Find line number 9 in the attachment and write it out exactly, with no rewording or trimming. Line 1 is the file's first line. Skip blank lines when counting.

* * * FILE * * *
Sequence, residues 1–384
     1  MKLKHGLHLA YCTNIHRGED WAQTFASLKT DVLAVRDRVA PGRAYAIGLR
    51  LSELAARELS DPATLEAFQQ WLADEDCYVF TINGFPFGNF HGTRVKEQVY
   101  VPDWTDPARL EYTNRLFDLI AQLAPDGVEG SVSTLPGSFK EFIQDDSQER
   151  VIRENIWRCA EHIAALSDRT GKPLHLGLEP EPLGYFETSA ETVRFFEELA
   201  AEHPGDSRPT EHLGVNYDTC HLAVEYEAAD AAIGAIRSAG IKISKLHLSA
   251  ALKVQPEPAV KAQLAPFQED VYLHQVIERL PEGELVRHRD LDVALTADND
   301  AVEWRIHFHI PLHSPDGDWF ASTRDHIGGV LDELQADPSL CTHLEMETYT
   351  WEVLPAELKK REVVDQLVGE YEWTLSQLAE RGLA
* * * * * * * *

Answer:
   351  WEVLPAELKK REVVDQLVGE YEWTLSQLAE RGLA